The Impact Of Diabetes Mellitus Medication On The Incidence Of Endogenous Endophthalmitis
Published 2020 · Medicine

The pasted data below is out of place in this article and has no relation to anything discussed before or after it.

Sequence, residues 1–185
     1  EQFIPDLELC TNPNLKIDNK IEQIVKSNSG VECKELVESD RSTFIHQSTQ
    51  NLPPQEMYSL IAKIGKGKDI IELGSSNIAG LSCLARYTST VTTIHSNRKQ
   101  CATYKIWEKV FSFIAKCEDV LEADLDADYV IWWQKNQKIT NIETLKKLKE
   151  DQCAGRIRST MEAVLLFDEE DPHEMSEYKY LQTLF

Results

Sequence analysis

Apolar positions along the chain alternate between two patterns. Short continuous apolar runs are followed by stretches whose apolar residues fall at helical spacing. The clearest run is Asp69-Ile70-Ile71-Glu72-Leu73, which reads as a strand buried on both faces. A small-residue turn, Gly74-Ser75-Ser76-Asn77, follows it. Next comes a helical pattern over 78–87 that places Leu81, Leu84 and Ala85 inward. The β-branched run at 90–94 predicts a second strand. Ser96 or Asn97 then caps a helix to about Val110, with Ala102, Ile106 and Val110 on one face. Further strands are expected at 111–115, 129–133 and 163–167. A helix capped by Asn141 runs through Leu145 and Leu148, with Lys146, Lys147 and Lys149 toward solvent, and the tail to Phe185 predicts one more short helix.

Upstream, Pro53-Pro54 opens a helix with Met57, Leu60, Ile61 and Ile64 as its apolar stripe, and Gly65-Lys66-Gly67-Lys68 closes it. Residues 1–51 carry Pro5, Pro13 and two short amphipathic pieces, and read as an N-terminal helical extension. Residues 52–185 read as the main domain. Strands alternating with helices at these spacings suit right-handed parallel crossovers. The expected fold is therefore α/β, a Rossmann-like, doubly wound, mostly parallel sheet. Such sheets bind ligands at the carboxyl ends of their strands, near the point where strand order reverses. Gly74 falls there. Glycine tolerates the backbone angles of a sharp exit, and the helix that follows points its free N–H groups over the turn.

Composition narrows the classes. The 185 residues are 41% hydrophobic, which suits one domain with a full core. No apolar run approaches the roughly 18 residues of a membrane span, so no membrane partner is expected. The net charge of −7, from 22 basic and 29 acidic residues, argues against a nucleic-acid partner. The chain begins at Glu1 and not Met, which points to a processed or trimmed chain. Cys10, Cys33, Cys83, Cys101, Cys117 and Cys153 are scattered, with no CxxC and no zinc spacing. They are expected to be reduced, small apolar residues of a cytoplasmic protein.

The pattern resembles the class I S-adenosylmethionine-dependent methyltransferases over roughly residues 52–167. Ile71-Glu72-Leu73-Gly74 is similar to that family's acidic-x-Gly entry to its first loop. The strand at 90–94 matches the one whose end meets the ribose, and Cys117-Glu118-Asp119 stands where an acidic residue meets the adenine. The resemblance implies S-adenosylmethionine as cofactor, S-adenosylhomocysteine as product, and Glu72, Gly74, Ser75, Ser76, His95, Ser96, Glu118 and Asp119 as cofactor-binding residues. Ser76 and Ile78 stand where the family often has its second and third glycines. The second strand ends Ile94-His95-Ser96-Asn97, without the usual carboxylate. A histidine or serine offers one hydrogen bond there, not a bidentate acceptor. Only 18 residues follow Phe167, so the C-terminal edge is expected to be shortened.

Purpose This study aimed to evaluate the relationship between diabetic mellitus (DM) treatment and the incidence rate of endogenous endophthalmitis (EE). Design This study used a matched cohort design. We utilized the Longitudinal Health Insurance Database to identify outpatients and inpatients who were diagnosed with DM and treated with medication from 2000 to 2010. Methods Several factors and different DM medications were also investigated. The influence of DM medication on the incidence of EE was examined by using Cox proportional hazards regression models, and the hazard ratios and 95% confidence intervals were determined. Results The cumulative incidence of EE was lower in DM patients treated with medication than in subjects in the control group (P = 0.002). The adjusted hazard ratio (AHR) was 0.47-fold lower in the treatment group than in the control group (P = 0.004). With respect to DM medication, single-agent therapy with insulin, metformin, gliclazide, glimepiride, or repaglinide and combination therapy with glimepiride/metformin or repaglinide/metformin were associated with decreased AHRs (0.257–0.544, all P<0.05). Conclusions Diabetic patients treated with medication had lower AHRs than those in the control group. Further stratification indicated that liver abscess, liver disease DM patients who were treated with medication had a lower risk of developing EE. Several specific DM medications may decrease the incidence of EE.